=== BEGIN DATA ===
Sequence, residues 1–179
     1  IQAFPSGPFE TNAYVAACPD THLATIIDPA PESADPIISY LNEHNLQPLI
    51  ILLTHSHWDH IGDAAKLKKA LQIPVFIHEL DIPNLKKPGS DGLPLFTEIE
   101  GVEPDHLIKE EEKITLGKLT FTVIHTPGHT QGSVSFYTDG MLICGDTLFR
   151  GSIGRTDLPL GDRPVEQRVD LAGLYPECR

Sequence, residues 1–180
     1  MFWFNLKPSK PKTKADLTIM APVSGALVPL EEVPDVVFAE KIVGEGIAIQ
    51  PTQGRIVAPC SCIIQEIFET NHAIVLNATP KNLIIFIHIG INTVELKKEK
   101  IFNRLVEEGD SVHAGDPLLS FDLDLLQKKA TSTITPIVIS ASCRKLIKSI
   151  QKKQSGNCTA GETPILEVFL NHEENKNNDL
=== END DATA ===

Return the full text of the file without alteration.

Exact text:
Sequence, residues 1–179
     1  IQAFPSGPFE TNAYVAACPD THLATIIDPA PESADPIISY LNEHNLQPLI
    51  ILLTHSHWDH IGDAAKLKKA LQIPVFIHEL DIPNLKKPGS DGLPLFTEIE
   101  GVEPDHLIKE EEKITLGKLT FTVIHTPGHT QGSVSFYTDG MLICGDTLFR
   151  GSIGRTDLPL GDRPVEQRVD LAGLYPECR

Sequence, residues 1–180
     1  MFWFNLKPSK PKTKADLTIM APVSGALVPL EEVPDVVFAE KIVGEGIAIQ
    51  PTQGRIVAPC SCIIQEIFET NHAIVLNATP KNLIIFIHIG INTVELKKEK
   101  IFNRLVEEGD SVHAGDPLLS FDLDLLQKKA TSTITPIVIS ASCRKLIKSI
   151  QKKQSGNCTA GETPILEVFL NHEENKNNDL